What is the soil food web?

By Alistair March 9, 2024 08:08

Dr Deidre Charleston from Origin Amenity Solutions (OAS) reveals the mystery of the soil food web.

The soil beneath our feet is home to a complex, dynamic ecosystem known as the soil food web. This intricate network of organisms, ranging from microscopic bacteria to larger organisms like insects and earthworms, plays a pivotal role in sustaining the health and productivity of terrestrial environments. Understanding the functions of the soil food web is crucial to maintaining ecological balance, growing healthy turf and improving sustainability.

Nutrient cycling

At the heart of the soil food web lies the process of nutrient cycling. Nitrogen is essential to life as it is the key component of amino acids, proteins and nucleic acids (DNA and RNA). Seventy-eight percent of the earth’s atmosphere is composed of nitrogen, but it is in a form that most organisms cannot use. Bacteria are at the heart of the nitrogen cycle, fixing and converting the nitrogen into forms that can be used by other organisms. A healthy functioning soil food web is critical to the cycling of nutrients. Decomposers such as fungi, bacteria and detritivores break down organic matter into simpler compounds, releasing essential nutrients like nitrogen, phosphorus and potassium into the soil.  Predators such as protozoa and nematodes feed off bacteria and other microorganisms in the soil food web, releasing excess nitrogen into the soil. These nutrients are then in a form that is available to turf, facilitating growth and development. Mycorrhizal fungi form mutually beneficial symbiotic relationships with plant roots, enhancing water and nutrient uptake, and improving turf resilience to environmental stresses.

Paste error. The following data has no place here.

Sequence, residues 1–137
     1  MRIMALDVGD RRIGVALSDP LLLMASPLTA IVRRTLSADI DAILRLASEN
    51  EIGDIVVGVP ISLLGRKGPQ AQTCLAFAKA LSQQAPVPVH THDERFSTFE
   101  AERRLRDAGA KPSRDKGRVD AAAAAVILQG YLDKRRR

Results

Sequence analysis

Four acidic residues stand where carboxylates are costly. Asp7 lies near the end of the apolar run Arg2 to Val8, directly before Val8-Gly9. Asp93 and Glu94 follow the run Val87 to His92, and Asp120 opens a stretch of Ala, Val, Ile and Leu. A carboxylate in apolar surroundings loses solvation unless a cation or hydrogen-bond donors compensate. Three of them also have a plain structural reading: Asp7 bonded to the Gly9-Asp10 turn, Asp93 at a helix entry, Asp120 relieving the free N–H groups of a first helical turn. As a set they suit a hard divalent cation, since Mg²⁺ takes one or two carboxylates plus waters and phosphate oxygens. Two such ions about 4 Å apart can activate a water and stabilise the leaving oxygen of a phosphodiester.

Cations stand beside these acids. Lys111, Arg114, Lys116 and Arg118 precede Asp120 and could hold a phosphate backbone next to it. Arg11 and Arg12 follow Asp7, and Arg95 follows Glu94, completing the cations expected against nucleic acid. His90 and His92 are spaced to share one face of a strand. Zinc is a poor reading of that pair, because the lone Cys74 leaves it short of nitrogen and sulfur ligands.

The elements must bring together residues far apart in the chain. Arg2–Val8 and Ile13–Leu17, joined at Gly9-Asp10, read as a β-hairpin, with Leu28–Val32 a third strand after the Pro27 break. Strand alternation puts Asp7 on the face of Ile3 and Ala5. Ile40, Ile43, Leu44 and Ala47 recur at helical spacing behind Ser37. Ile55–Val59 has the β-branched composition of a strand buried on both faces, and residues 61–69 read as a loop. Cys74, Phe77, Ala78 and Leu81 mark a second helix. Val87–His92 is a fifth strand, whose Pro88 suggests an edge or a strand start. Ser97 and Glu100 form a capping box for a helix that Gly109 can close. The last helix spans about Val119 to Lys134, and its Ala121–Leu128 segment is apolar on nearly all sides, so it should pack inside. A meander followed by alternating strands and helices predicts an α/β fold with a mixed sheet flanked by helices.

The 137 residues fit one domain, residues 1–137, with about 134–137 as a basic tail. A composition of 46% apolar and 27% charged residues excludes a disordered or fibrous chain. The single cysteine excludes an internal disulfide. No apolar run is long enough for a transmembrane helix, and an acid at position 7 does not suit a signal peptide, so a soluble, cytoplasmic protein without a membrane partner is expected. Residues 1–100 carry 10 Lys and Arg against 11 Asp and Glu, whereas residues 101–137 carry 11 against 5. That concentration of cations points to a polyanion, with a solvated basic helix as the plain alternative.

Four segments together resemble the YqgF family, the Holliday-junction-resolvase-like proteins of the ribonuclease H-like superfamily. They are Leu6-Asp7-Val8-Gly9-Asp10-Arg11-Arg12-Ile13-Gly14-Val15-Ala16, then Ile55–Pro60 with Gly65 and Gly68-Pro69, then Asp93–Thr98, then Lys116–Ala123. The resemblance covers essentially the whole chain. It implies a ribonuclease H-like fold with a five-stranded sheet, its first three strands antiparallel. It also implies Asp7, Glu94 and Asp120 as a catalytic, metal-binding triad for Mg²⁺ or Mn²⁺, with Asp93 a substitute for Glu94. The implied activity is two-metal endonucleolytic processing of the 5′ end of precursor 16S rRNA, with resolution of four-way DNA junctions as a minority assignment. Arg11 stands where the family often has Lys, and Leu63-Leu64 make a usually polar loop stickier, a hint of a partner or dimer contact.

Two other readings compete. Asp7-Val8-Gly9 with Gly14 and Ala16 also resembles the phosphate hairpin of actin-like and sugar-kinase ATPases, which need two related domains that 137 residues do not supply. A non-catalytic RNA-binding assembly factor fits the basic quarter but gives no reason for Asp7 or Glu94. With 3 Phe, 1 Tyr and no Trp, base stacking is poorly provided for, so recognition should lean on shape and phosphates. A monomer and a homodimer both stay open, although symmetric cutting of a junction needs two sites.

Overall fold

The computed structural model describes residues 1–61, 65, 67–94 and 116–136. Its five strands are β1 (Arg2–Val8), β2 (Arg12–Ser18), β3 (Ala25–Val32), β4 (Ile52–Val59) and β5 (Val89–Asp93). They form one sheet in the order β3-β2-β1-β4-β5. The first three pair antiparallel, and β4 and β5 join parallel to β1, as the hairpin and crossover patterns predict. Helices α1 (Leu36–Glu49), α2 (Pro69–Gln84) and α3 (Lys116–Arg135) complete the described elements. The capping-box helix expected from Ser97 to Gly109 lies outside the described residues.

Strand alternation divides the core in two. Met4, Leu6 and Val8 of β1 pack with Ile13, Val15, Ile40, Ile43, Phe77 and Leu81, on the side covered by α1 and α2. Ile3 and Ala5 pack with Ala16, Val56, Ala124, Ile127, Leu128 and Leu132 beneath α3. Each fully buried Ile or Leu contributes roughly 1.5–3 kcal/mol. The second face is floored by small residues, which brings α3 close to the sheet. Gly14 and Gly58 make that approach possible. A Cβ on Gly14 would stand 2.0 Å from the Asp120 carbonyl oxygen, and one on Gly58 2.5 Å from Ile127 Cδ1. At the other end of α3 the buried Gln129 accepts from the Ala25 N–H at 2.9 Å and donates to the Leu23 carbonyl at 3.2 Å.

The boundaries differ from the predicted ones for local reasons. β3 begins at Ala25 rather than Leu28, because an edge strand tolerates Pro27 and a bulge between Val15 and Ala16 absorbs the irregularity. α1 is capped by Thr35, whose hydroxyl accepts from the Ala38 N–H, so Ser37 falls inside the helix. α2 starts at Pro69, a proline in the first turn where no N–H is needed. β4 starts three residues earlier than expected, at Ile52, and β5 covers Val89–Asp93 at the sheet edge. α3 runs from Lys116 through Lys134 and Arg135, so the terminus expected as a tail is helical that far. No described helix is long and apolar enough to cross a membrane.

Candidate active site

Soil structure and stability

Soil organisms are crucial in maintaining soil structure and stability, improving water infiltration and drainage. Bacteria and fungi secrete glues and polysaccharides that bind soil particles together to form aggregates and build soil structure. Mycorrhizal fungi secrete glomalin, a powerful binding agent that also stores a significant amount of carbon. The organisms in the soil food web play a vital role in carbon sequestration through the decomposition of organic matter and the formation of stable organic carbon. Estimates suggest that soil stores more carbon than the earth’s atmosphere and vegetation combined. Therefore, promoting healthy soil and microbial diversity can provide a natural solution to the impact of climate change.

Plant tolerance

Predatory organisms within the soil food web regulate pest species and help to maintain ecological balance. Soil microbes also help to suppress pathogens through mechanisms such as competition for resources, antibiosis, and by promoting induced systemic resistance in turf. In addition to this, by improving soil structure and recycling nutrients, the soil food web contributes directly to turf health and creates an environment where turf is better able to tolerate stress.

Like any ecosystem, the soil food web is susceptible to disruption which can impair its ability to function correctly. Intensive management practices can lead to a change in biodiversity. As organisms disappear from the environment it becomes less resilient, and turf becomes more susceptible to stress. Intensive inputs, compaction and poor infiltration and drainage have the potential to adversely impact the habitat of non-target organisms, disturbing population dynamics and trophic interactions. However, by adopting a holistic management approach that considers not only chemistry and physics but also biology; soil structure and function can be improved. Consider introducing products like Symbio Compost tea or Symbio Biotabs to your management practices to enhance the diversity of the soil food web. A healthy and diverse soil food web is the cornerstone of essential functions such as nutrient cycling, improved soil structure, plant tolerance and climate regulation. Recognising the relationship between soil organisms and ecosystem processes highlights the importance of preserving soil biodiversity. By protecting the health of the soil food web, we can ensure the resilience of the environment and improve turf performance.

For further information or product advice speak to an OAS representative on 0800 138 7222 or visit www.originamenity.com


By Alistair March 9, 2024 08:08

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